VRS Natarajan, chairman and managing director of BEML, on Friday had rubbished whatever the Army Chief Gen V K Singh had said about Tatra trucks.
Ever since Gen Singh alleged on March 26 that a retired lieutenant general had offered him a bribe of Rs14 crore to “clear the tranche [purchase of 600 substandard Tatra-all-terrain vehicles]”, skeletons have been tumbling out, pitting the army against the defence ministry and BEML.
The DNA report said, of the several letters and notes exchanged between BEML and Tatra Sipox (UK) Ltd to finalise a new agreement on transfer of technology in 2008-09, it is clear that the UK company dictated the price at which the PSU would buy the trucks.
Each time Tatra Sipox sent the agreement to BEML for signature, mid-level officials of the PSU rejected it on several grounds. In fact, they even demanded that Tatra Sipox supply the latest versions of the trucks, which the company had not done in the past.
In 2003, Tatra Sipox had accepted that it had provided outdated models of Tatra trucks and formally agreed to provide the latest versions. When the agreement came up for renewal in 2008, however, it was back to square one.
Replying to Tatra Sipox's draft agreement, a BEML official pointed out in December 2008: “Tatra Sipox (UK) Ltd have cunningly once again omitted references to the previous understandings/agreements.”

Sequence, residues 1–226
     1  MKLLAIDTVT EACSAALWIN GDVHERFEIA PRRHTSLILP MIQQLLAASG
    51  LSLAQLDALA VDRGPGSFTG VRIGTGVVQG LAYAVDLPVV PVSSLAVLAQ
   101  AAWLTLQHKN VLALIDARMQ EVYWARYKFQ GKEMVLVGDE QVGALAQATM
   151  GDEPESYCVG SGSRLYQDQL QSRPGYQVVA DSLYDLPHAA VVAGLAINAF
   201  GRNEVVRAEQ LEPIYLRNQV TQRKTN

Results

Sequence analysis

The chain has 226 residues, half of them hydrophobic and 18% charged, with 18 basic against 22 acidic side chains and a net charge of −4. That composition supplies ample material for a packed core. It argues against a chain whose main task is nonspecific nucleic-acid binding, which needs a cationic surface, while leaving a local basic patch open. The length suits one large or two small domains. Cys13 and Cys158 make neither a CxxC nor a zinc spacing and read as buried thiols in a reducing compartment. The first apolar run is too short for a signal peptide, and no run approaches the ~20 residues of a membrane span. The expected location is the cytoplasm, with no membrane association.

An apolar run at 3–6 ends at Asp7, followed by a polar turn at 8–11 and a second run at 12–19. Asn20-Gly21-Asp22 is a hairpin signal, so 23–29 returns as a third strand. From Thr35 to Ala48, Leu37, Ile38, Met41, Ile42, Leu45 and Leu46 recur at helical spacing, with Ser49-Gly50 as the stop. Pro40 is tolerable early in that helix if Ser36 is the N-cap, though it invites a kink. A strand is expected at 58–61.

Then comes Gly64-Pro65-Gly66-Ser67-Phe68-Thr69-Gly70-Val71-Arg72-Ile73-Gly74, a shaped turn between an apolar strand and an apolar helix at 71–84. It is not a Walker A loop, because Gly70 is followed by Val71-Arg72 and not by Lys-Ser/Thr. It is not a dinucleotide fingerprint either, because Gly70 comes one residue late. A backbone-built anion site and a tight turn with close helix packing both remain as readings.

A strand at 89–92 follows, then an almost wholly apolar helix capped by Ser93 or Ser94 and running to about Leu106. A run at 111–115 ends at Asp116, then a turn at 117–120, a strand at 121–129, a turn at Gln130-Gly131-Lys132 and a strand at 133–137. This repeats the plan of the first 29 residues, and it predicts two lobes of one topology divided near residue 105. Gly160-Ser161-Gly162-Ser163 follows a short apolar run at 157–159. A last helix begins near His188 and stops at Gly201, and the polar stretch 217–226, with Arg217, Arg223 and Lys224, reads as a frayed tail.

The UK company, in fact, chose to keep the terms of the agreement vague so that it could continue supplying outdated versions of the truck.
The draft had no specifics of the trucks to be supplied. The agreement proposed by Tatra Sipox is “one-sided and does not cover” BEML's interests, one letter from the PSU stated.
In the draft, Tatra Sipox kept its option of supplying trucks compliant with Euro I or II or III standards open. That meant it could also supply trucks compliant with Euro I norms.
BEML officials, however, insisted on engines compliant with Euro III and IV standards.
It noted that the “purchase of Euro II engines would not be viable because Euro IV emission standards are in vogue across the world” and automobile companies were moving towards Euro V standards.
A former BEML employee told DNA that “Tatra Sipox wanted to keep the agreement vague so that they could keep supplying Euro II engines”.
It also meant that the company could charge extra for upgrading the engines.
The matter did not end with old models; Tatra Sipox kept increasing the price according to its convenience.
A November 25, 2008, letter from a BEML official commented on the agreement: “Tatra Sipox (UK) Ltd is well known for its unjustified demand for increase in prices”.
It went on to list a few examples.
“Of late, the UK company has been insisting on steep increase in prices of completely knocked down (CKD) kits and spare parts.” Tatra Sipox had drafted a clause that would provide it with room for “demanding additional money”, the letter said.
“[This] need not be agreed to. We must be satisfied with the adequacy of technical support and there need not be any room for negotiating further course of action.”